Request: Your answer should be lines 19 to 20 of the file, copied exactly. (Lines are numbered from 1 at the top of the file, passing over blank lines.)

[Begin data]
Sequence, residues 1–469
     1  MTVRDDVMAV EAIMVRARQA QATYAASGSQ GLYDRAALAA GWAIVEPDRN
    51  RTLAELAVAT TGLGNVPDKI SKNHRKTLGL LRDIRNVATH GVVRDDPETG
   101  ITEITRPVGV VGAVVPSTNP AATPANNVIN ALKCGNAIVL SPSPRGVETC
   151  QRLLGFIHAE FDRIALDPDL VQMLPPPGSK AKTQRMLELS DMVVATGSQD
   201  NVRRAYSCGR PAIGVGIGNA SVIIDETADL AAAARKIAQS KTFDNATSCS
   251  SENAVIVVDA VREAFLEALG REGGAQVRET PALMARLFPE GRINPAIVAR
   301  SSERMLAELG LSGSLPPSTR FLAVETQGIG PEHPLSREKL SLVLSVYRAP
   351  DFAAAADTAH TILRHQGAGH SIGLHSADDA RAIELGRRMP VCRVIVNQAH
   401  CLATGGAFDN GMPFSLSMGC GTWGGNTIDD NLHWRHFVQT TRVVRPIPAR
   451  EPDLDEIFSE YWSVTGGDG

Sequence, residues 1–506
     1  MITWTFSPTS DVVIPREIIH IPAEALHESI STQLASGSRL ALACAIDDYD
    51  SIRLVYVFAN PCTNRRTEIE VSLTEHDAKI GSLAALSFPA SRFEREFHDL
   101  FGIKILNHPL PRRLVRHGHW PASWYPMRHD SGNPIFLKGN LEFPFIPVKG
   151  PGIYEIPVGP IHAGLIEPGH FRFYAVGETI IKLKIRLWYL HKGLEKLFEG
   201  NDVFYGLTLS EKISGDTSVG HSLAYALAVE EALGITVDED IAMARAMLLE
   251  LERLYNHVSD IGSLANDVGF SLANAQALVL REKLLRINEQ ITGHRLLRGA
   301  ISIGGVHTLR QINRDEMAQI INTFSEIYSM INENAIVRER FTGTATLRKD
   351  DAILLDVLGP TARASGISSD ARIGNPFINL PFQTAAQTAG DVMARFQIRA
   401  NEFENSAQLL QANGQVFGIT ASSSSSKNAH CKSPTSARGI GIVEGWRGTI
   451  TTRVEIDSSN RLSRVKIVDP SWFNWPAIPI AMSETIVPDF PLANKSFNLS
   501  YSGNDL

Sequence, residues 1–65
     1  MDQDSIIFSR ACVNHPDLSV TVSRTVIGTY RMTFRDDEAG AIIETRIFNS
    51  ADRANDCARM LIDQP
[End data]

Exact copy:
   301  ISIGGVHTLR QINRDEMAQI INTFSEIYSM INENAIVRER FTGTATLRKD
   351  DAILLDVLGP TARASGISSD ARIGNPFINL PFQTAAQTAG DVMARFQIRA